Furthermore, it states that just under half of all biodiversity units in its sample dataset will “take longer than five years to mature” and that approximately one quarter of all developments will take twenty years or longer to achieve their commitments of woodland habitat enhancement and creation.

“It is highly unlikely that LPAs will have the resources to investigate and enforce violations of planning conditions from multiple years in the past,” the researchers state.

The paper continued: “Ideally, more robust governance mechanisms would be implemented to cover on-site biodiversity unit delivery. Alternatively, more of these units could be delivered through the off-site biodiversity offsetting; in the latter case, we estimate that the demand for offsets could rise by a factor of four, increasing the financial contributions generated by BNG for conservation activities on private land.”

The paper also uncovered that just over half of all projects containing errors in their BNG plans had already been accepted by LPAs, and that the remainder were ‘in review’. 

“Of all accepted projects within our dataset, 24% of them contained errors. There was no evidence to suggest that the occurrence of errors was falling over time, with 17% of all projects using the earlier [BNG] metric 2.0 containing errors, but 39% of all projects using the more recent metric 3.1 containing errors,” it said. 

Proposing potential solutions to the risk of non-compliance, the researchers say that if the government significantly increased LPA resourcing and capacity to deliver more effective monitoring and implementation practices, “there is the potential that such risks could be overcome and mandatory BNG may achieve its goals”. 

The researchers also mooted that “if governance and standards were standardised for both onsite and offsite gains (at the higher-quality standards of offsite gains), then there would be no risk of proponents undercutting standards by going down the less stringent route”.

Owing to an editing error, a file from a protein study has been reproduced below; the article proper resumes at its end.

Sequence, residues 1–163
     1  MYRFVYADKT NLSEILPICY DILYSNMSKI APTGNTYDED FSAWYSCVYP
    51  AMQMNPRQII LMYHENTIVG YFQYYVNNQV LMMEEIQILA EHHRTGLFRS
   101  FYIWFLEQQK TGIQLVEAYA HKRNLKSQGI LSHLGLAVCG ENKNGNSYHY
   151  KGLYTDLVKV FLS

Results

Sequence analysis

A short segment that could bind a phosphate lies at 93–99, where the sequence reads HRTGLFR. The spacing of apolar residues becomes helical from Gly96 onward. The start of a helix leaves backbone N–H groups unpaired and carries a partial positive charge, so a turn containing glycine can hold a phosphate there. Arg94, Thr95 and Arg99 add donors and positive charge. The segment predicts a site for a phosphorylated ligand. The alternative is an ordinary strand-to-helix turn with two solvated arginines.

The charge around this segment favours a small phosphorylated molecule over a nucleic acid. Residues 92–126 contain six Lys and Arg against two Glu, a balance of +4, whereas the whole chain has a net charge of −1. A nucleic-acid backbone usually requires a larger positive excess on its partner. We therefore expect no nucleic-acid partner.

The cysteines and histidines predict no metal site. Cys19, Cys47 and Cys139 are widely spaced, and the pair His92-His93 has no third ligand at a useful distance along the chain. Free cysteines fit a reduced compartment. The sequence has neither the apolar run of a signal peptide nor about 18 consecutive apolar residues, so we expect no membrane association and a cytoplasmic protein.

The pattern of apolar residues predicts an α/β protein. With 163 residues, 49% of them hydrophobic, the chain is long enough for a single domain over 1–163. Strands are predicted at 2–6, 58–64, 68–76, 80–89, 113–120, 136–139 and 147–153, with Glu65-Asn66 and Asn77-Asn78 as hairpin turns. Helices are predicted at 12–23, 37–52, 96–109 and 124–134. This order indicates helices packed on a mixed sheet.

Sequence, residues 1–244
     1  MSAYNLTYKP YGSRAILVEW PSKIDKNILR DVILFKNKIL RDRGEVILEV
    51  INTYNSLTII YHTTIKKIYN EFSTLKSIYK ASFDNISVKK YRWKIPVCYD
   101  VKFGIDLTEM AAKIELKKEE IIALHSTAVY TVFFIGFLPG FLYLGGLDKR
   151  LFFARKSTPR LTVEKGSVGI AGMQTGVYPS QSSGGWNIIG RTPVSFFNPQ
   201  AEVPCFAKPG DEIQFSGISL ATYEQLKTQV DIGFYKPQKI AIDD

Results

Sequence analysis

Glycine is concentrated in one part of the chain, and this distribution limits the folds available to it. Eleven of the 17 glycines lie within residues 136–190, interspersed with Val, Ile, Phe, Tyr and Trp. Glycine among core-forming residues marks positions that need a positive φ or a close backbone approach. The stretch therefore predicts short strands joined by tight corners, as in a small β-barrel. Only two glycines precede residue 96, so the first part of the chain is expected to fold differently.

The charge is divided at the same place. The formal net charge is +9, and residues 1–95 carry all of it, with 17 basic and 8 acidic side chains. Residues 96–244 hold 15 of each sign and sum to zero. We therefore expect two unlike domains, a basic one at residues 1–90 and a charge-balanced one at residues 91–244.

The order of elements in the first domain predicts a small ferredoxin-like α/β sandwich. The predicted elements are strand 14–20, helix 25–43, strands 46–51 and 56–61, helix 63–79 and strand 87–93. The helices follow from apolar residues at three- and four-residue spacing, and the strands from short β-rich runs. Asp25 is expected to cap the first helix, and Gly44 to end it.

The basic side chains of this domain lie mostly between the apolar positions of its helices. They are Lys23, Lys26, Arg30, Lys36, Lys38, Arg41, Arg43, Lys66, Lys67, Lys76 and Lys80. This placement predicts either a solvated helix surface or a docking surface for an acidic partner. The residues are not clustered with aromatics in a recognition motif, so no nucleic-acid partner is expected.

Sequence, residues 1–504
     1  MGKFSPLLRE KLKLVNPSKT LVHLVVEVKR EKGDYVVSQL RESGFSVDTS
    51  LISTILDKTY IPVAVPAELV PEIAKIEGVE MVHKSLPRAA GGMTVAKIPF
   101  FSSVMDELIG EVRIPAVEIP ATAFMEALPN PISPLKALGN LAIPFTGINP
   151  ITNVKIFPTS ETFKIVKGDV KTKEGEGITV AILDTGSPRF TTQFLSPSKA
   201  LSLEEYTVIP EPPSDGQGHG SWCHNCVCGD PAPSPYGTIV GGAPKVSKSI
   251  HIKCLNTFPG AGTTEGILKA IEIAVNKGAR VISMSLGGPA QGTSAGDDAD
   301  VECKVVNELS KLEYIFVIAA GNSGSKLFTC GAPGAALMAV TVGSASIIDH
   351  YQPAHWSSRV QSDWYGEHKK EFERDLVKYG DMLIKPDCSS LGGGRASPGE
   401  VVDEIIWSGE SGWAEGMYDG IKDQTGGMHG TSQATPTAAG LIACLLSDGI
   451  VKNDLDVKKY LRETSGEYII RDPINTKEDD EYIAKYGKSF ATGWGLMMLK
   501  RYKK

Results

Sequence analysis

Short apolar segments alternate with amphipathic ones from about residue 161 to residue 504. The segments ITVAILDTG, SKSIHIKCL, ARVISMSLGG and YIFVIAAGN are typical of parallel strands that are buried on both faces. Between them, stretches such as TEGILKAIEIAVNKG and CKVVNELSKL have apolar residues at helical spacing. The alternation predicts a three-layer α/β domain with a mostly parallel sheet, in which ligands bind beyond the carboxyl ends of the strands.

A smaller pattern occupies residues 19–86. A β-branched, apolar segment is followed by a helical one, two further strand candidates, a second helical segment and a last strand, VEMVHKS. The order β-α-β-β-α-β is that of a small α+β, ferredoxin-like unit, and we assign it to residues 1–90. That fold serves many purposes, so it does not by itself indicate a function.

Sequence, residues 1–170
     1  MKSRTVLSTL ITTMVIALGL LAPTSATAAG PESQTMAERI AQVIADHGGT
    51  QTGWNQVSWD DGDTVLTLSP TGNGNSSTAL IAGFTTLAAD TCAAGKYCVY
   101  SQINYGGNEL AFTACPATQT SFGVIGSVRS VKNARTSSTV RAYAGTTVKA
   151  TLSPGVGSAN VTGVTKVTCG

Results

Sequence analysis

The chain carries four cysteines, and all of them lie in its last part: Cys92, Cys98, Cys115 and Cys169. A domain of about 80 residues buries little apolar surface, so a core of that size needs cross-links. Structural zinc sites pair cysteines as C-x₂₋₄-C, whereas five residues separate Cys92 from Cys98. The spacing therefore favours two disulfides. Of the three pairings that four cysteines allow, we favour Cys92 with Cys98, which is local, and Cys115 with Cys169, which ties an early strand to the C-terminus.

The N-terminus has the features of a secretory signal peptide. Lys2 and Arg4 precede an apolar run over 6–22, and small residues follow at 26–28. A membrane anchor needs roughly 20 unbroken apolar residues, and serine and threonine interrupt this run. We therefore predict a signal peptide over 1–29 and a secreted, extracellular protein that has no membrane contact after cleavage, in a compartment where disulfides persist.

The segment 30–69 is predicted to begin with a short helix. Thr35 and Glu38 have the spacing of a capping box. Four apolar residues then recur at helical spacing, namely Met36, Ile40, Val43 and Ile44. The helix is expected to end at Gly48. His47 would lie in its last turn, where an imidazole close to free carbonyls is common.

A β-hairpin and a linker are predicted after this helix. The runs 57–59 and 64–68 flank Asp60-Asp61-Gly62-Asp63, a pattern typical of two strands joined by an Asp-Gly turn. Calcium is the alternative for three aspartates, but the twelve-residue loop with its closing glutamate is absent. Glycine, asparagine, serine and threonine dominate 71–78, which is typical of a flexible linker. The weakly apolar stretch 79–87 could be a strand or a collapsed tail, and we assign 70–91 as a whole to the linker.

The paper continued: “We have seen equivalent levelling-the-playing-field in other compensation systems that experienced similar divergence in standards between developer-led and third-party-initiated compensation – for example, the 2008 Compensation rule in the US wetland mitigation system addressed this divergence by closing the governance gap and ensuring that the same standards were applied across all forms of compensation.”

Commenting on the findings, Richard Benwell, chief executive of the nature NGO coalition, Wildlife and Countryside Link, said: “There’s a huge gap when it comes to monitoring, reporting, and enforcement of BNG onsite. Local authorities stand little chance of checking whether gains are ever delivered, let alone maintained for 30 years. 

He added that in order to give LPAs “a fighting chance”, all onsite gains should be registered in the same way as offsite gain, but warned that more support would be needed. “Mandatory gain will need to come with significant guidance and investment in monitoring and enforcement. Otherwise, we may find that the legacy of net gain is nature loss and phantom habitats that quickly vanish, or never existed at all,” he said.

A DEFRA spokesperson said that to support the implementation of BNG, which will be mandatory for all major developments with enforcement through the planning regime, the government has "already committed over £15 million to assist LPAs to prepare and has consulted extensively with stakeholders on its design.”  

The department was also keen to emphasise that the Oxford University paper refers to the "voluntary implementation of this policy which is not enforced at this current time".

This article was updated to include DEFRA's comment